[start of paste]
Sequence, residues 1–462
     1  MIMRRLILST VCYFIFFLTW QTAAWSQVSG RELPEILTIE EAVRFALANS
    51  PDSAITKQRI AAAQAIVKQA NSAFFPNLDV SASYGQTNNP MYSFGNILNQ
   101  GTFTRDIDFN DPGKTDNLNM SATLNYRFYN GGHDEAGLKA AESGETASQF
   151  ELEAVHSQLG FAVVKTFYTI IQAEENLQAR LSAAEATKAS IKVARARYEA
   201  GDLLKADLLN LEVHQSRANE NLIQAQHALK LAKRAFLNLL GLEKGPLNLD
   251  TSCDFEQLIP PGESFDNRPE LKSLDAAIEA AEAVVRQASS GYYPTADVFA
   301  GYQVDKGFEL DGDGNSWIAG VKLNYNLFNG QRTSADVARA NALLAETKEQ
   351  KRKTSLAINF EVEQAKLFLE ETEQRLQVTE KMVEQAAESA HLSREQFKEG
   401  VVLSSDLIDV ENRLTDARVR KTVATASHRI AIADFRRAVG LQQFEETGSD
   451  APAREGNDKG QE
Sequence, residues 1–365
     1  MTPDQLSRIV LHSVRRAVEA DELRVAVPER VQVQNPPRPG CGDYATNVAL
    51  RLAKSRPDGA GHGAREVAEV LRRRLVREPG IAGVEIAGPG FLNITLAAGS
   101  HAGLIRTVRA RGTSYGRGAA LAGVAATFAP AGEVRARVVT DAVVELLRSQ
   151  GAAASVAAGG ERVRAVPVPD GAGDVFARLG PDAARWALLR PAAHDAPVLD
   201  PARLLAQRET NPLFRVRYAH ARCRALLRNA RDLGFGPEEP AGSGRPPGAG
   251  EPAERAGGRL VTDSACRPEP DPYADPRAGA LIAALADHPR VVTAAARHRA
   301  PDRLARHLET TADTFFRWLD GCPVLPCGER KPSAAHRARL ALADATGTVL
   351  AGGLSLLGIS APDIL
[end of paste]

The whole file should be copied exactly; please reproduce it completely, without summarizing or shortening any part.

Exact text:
Sequence, residues 1–462
     1  MIMRRLILST VCYFIFFLTW QTAAWSQVSG RELPEILTIE EAVRFALANS
    51  PDSAITKQRI AAAQAIVKQA NSAFFPNLDV SASYGQTNNP MYSFGNILNQ
   101  GTFTRDIDFN DPGKTDNLNM SATLNYRFYN GGHDEAGLKA AESGETASQF
   151  ELEAVHSQLG FAVVKTFYTI IQAEENLQAR LSAAEATKAS IKVARARYEA
   201  GDLLKADLLN LEVHQSRANE NLIQAQHALK LAKRAFLNLL GLEKGPLNLD
   251  TSCDFEQLIP PGESFDNRPE LKSLDAAIEA AEAVVRQASS GYYPTADVFA
   301  GYQVDKGFEL DGDGNSWIAG VKLNYNLFNG QRTSADVARA NALLAETKEQ
   351  KRKTSLAINF EVEQAKLFLE ETEQRLQVTE KMVEQAAESA HLSREQFKEG
   401  VVLSSDLIDV ENRLTDARVR KTVATASHRI AIADFRRAVG LQQFEETGSD
   451  APAREGNDKG QE
Sequence, residues 1–365
     1  MTPDQLSRIV LHSVRRAVEA DELRVAVPER VQVQNPPRPG CGDYATNVAL
    51  RLAKSRPDGA GHGAREVAEV LRRRLVREPG IAGVEIAGPG FLNITLAAGS
   101  HAGLIRTVRA RGTSYGRGAA LAGVAATFAP AGEVRARVVT DAVVELLRSQ
   151  GAAASVAAGG ERVRAVPVPD GAGDVFARLG PDAARWALLR PAAHDAPVLD
   201  PARLLAQRET NPLFRVRYAH ARCRALLRNA RDLGFGPEEP AGSGRPPGAG
   251  EPAERAGGRL VTDSACRPEP DPYADPRAGA LIAALADHPR VVTAAARHRA
   301  PDRLARHLET TADTFFRWLD GCPVLPCGER KPSAAHRARL ALADATGTVL
   351  AGGLSLLGIS APDIL